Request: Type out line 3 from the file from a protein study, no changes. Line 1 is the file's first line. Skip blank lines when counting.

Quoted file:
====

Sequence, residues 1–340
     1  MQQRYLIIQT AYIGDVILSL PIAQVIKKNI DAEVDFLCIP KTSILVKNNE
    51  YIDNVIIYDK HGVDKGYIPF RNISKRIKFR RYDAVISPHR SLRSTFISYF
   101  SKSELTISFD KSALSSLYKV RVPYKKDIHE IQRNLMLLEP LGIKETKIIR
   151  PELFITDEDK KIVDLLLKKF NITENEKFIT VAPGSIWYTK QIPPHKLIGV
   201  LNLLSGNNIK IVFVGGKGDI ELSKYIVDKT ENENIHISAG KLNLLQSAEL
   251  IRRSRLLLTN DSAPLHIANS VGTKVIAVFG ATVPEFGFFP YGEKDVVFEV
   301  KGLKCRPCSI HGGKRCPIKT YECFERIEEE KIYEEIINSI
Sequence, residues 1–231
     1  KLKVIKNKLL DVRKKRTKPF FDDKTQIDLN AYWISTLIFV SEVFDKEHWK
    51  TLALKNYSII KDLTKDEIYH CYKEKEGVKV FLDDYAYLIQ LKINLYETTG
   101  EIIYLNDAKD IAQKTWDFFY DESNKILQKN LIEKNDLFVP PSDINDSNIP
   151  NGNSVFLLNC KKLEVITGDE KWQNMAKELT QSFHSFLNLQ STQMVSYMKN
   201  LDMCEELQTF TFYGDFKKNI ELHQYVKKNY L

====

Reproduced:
    51  YIDNVIIYDK HGVDKGYIPF RNISKRIKFR RYDAVISPHR SLRSTFISYF